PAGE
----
Click here for information about the Cubs. Click here for information about the White Sox.

Party with the Past – Presented by the Atlanta History Center


This monthly event introduces you to the story of Atlanta with free history and cold beer. This series takes place at a different historic spot in the city each month. Each event focuses on one aspect of Atlanta’s history.

History is the passion of the Atlanta History Center and this event series will be a great way to introduce people to Atlanta, the museum staff, and famous Atlantans (alive and dead). Please visit atlantahistorycenter.com for more information or to make a reservation or call 404.814.4000.

Explore The Past at The National Museum of American History!

In 2013 the country will commemorate two events that changed the course of the nation – the 1863 Emancipation Proclamation and the 1963 March on Washington. Standing as milestone moments in the grand sweep of American history, these achievements were the culmination of decades of struggles by individuals – both famous and unknown – who believed in the American promise that this nation was dedicated to the proposition that “all men are created equal.” Separated by 100 years, they are linked together in a larger story of freedom and the American experience.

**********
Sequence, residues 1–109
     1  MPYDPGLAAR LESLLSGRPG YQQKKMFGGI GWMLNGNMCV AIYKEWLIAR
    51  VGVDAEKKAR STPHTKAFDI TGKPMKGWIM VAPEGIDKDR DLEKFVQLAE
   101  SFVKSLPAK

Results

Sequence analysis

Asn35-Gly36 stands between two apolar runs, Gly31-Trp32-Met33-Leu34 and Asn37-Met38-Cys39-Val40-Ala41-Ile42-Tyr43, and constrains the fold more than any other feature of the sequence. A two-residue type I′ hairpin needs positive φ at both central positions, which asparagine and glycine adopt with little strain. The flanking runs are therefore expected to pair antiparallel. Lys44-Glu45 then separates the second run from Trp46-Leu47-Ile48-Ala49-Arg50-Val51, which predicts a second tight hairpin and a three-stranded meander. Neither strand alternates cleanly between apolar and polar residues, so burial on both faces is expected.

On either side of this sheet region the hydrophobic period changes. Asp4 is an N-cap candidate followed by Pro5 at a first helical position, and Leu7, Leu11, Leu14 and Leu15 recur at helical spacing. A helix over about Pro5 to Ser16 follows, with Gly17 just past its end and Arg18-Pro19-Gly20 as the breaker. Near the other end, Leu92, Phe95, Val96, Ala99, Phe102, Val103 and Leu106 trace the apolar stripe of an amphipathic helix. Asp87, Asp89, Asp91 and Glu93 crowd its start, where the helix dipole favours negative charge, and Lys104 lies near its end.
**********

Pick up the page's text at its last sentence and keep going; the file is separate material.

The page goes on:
To commemorate these two pivotal achievements, the Smithsonian’s National Museum of American History in collaboration with the National Museum of African American History and Culture will present an exhibition that explores the historical context of these two crucial events, their accomplishments and limitations, and their impact on the generations that followed. The exhibition will be on view from Dec. 14, 2012 through Sept. 15, 2013. Click here for more information.

The diverse collections of the National Museum of American History reflect a wide variety of subjects relating to the history of the United States as well as the history of science, medicine, and technology.

Visit the JFK Presidential Library and Museum

Visit us in our striking I.M Pei building on Boston’s waterfront. Located on Columbia Point, the Library and Museum is set on a ten acre park landscaped with pine trees, shrubs and wild roses reminiscent of the landscape of Cape Cod familiar to President Kennedy.